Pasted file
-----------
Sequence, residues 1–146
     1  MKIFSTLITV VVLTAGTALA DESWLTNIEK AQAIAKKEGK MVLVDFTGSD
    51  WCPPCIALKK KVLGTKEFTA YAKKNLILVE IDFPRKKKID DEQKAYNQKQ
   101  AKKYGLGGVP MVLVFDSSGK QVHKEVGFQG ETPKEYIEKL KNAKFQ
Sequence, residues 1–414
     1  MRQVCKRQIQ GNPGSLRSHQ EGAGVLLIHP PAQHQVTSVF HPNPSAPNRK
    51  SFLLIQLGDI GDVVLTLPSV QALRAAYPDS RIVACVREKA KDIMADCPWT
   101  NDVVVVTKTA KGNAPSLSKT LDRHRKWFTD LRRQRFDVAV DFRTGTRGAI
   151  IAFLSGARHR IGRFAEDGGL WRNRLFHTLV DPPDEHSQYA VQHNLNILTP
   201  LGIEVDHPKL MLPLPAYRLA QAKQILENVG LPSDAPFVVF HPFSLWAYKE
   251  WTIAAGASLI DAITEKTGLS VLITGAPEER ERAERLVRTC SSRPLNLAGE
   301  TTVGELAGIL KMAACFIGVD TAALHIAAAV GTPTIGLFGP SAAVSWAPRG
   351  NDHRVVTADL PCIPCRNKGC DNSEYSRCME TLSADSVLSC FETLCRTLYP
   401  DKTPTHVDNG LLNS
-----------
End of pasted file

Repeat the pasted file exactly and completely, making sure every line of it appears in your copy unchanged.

Sequence, residues 1–146
     1  MKIFSTLITV VVLTAGTALA DESWLTNIEK AQAIAKKEGK MVLVDFTGSD
    51  WCPPCIALKK KVLGTKEFTA YAKKNLILVE IDFPRKKKID DEQKAYNQKQ
   101  AKKYGLGGVP MVLVFDSSGK QVHKEVGFQG ETPKEYIEKL KNAKFQ
Sequence, residues 1–414
     1  MRQVCKRQIQ GNPGSLRSHQ EGAGVLLIHP PAQHQVTSVF HPNPSAPNRK
    51  SFLLIQLGDI GDVVLTLPSV QALRAAYPDS RIVACVREKA KDIMADCPWT
   101  NDVVVVTKTA KGNAPSLSKT LDRHRKWFTD LRRQRFDVAV DFRTGTRGAI
   151  IAFLSGARHR IGRFAEDGGL WRNRLFHTLV DPPDEHSQYA VQHNLNILTP
   201  LGIEVDHPKL MLPLPAYRLA QAKQILENVG LPSDAPFVVF HPFSLWAYKE
   251  WTIAAGASLI DAITEKTGLS VLITGAPEER ERAERLVRTC SSRPLNLAGE
   301  TTVGELAGIL KMAACFIGVD TAALHIAAAV GTPTIGLFGP SAAVSWAPRG
   351  NDHRVVTADL PCIPCRNKGC DNSEYSRCME TLSADSVLSC FETLCRTLYP
   401  DKTPTHVDNG LLNS